Spokane’s geographic isolation has one sometimes overlooked benefit.
If you live here, you can freely root for whatever pro sports teams you desire. You can pick and choose.
Live and die with the Minnesota Twins? Go for it.
Proud of your Chicago White Sox? Wear that black-and-white cap with a smile.
Oh, sure. There are many in Spokane who assume that those who care about sports would automatically be loyal to the Seattle teams. But that’s not always true.
A lot of us did not grow up rooting for Seattle teams. And moving to the Northwest does not instantly trump sports allegiances formed in far-away places, cultivated over generations.
Besides, Seattle is a long way from Spokane.
Sure, the cities are in the same state. But New York and Boston are closer to each other. St. Louis and Kansas City are closer to each other. To cite just a couple of examples.
OK, there’s nothing saying a sports fan in a major league city is required to root for the home team. But let’s face it. A Yankees booster in Boston runs the very real risk of being viewed as someone trying a bit too hard to be a character.
In Spokane, a fan of pro sports can be free to follow his or her bliss without fear of appearing annoyingly affected. (Well, unless you are suddenly a fervent fan of a championship team.)
Sure, the local media will fill your ears with a steady drumbeat of Seattle sports news. But we all know the internet has made every team the home team for those who care, whether we’re talking about the Calgary Flames or Atlanta Braves.
Once upon a time, those Spokane sports fans lacking self-esteem might have doubted themselves because they did not reside in a big league city. But this is 2018. Anyone wanting to overdose on Pittsburgh Pirates stats or order a complete leisure wardrobe of San Antonio Spurs apparel can easily do so.
The concept of “out of market” isn’t all that relevant in a place like Spokane, which is in the Seattle pro sports market in much the same way Lewis & Clark were going for a hike.
Of course, actually attending games can be a bit of a problem for the Spokane fan of, say, the Green Bay Packers or Toronto Maple Leafs. But being a modern sports fan is about much more than butts in the stadium seats. It’s about screen time on your electronic devices and the happy moment when you actually encounter a fellow Cincinnati Reds fan at NorthTown.
Another drawback of being a fan of a team far from Spokane is you can’t vote against misguided efforts to make that city’s taxpayers foot the bill when your team wants a new arena stuffed with luxury suites for some of the worst people in the world.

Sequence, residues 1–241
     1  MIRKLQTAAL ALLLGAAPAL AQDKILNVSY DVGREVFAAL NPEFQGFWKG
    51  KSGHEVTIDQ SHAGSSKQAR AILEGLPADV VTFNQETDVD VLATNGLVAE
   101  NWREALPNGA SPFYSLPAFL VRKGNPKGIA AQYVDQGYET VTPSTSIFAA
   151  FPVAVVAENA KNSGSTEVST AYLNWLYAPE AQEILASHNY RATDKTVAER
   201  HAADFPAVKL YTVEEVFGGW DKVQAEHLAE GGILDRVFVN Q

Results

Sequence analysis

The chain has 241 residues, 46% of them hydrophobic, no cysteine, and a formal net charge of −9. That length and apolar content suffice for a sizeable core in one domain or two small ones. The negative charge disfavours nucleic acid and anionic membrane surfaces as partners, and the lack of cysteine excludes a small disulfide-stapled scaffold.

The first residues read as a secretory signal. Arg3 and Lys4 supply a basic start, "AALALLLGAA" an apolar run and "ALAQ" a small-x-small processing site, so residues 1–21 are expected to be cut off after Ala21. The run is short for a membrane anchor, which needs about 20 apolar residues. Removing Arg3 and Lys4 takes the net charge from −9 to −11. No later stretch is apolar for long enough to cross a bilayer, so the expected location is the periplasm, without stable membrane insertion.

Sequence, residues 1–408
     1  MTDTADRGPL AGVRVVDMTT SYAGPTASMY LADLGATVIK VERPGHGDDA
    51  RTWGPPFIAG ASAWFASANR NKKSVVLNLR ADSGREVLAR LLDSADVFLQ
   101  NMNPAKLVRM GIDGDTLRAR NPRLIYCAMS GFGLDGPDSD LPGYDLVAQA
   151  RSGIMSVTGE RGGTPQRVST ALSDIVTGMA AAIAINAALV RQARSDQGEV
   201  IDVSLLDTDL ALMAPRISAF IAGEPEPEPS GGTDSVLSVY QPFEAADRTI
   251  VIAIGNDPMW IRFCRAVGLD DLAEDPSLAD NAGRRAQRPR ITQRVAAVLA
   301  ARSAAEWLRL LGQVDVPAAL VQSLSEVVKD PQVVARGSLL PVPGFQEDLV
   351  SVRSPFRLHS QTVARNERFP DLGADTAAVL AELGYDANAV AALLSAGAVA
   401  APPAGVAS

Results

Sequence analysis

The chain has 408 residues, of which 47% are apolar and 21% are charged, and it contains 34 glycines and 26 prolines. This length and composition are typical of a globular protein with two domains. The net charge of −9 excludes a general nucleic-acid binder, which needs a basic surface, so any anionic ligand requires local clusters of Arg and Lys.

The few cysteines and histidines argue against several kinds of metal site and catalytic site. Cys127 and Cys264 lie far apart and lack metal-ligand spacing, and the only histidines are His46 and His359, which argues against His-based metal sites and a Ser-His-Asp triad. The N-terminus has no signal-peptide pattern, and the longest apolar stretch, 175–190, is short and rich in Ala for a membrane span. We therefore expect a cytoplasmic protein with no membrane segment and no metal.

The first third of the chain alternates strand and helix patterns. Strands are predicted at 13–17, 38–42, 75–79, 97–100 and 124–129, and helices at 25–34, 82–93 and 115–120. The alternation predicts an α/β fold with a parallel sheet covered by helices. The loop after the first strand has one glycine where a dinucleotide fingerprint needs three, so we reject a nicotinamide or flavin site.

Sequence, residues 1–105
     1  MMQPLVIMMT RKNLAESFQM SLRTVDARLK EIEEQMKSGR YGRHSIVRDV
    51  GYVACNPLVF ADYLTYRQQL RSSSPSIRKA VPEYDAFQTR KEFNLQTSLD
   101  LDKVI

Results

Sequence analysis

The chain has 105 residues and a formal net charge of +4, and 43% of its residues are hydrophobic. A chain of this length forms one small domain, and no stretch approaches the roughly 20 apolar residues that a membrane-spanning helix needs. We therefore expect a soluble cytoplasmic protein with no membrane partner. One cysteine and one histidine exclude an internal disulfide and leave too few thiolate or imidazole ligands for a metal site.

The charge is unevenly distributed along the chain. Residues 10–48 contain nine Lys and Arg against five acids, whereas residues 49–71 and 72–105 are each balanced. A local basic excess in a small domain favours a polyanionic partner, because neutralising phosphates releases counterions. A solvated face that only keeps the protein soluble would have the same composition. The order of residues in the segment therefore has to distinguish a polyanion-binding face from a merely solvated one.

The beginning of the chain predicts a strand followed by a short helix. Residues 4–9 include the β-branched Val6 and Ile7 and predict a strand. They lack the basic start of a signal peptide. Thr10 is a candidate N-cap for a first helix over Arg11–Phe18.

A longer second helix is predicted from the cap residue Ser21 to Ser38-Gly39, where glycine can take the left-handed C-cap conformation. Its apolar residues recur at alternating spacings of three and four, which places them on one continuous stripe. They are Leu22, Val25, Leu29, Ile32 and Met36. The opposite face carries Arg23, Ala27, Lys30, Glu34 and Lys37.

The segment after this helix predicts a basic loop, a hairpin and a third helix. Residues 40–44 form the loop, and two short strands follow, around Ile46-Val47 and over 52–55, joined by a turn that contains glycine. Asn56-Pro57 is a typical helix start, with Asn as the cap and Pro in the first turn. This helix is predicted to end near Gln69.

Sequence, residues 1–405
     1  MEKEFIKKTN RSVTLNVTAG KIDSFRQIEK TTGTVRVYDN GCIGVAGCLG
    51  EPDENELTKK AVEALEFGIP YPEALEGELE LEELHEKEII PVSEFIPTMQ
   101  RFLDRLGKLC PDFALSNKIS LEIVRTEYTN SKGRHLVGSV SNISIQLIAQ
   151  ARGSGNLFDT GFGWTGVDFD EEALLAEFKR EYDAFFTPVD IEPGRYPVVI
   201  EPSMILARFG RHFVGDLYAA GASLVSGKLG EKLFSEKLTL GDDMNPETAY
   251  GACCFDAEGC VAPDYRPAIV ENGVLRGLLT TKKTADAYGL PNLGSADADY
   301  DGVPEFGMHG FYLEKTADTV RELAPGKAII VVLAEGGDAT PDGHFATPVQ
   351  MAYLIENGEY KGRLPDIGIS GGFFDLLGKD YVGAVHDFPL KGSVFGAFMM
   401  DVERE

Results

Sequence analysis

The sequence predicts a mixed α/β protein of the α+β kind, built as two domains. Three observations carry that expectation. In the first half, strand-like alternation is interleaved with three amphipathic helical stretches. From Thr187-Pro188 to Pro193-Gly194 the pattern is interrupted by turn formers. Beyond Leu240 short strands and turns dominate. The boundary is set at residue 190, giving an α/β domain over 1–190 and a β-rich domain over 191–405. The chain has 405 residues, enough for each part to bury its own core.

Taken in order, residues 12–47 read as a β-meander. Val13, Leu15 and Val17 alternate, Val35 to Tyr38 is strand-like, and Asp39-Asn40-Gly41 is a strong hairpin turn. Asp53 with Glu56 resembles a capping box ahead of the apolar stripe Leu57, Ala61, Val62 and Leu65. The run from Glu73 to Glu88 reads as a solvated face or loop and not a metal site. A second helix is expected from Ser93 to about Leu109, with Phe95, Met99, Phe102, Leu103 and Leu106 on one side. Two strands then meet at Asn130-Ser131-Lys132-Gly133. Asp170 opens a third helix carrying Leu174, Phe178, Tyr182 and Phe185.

But mostly, being a Spokane fan of, say, the Milwaukee Brewers or Memphis Grizzlies, is kind of a kick. It’s like being in a special club.
It can be sort of fun to explain how you became a long-suffering Cleveland Browns rooter. Or provide the backstory for your San Francisco Giants jacket.
There are worse ways of introducing yourself than recalling sitting in your living room with your dad and watching Jim Brown or Willie Mays.
You can even explain how a junior high teacher at your new school in Michigan invited you to come aboard for Detroit’s drive to a World Series title in 1968.
To be sure, there’s nothing wrong with being a fan of the Seahawks or Mariners. Many local families come by it honestly. Those teams have histories, too.
But this is Spokane. It could be argued that it makes as much sense to be a fan of the Los Angeles Dodgers. (If that baffles you, ask someone who has been here a while.)
In any event, anyone suggesting that living in Spokane and not rooting for Northwest pro teams is inherently disloyal needs to take a moment to reflect.
Have you paid any attention to the off-the-field realities of professional sports in the past few decades? Do you imagine owners are driven by a desire to be true to the people who buy the T-shirts and foam cheeseheads?
Anyway, spring training is coming. It’s a time when all who care about baseball can dream.
In Spokane, a lot of those dreamers are Mariners fans.
A lot, but not all.